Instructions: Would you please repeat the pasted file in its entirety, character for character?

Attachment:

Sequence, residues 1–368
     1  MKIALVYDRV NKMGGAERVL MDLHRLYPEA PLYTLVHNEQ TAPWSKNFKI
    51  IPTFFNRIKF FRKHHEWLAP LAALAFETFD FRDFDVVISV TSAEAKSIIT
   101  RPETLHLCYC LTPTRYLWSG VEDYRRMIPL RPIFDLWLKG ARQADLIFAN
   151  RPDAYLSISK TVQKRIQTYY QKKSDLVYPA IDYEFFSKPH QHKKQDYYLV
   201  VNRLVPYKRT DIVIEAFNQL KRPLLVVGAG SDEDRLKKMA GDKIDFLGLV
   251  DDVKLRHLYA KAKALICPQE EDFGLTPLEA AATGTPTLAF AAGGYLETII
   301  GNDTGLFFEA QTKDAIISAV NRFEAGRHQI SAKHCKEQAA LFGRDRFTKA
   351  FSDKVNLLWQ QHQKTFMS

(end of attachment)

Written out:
Sequence, residues 1–368
     1  MKIALVYDRV NKMGGAERVL MDLHRLYPEA PLYTLVHNEQ TAPWSKNFKI
    51  IPTFFNRIKF FRKHHEWLAP LAALAFETFD FRDFDVVISV TSAEAKSIIT
   101  RPETLHLCYC LTPTRYLWSG VEDYRRMIPL RPIFDLWLKG ARQADLIFAN
   151  RPDAYLSISK TVQKRIQTYY QKKSDLVYPA IDYEFFSKPH QHKKQDYYLV
   201  VNRLVPYKRT DIVIEAFNQL KRPLLVVGAG SDEDRLKKMA GDKIDFLGLV
   251  DDVKLRHLYA KAKALICPQE EDFGLTPLEA AATGTPTLAF AAGGYLETII
   301  GNDTGLFFEA QTKDAIISAV NRFEAGRHQI SAKHCKEQAA LFGRDRFTKA
   351  FSDKVNLLWQ QHQKTFMS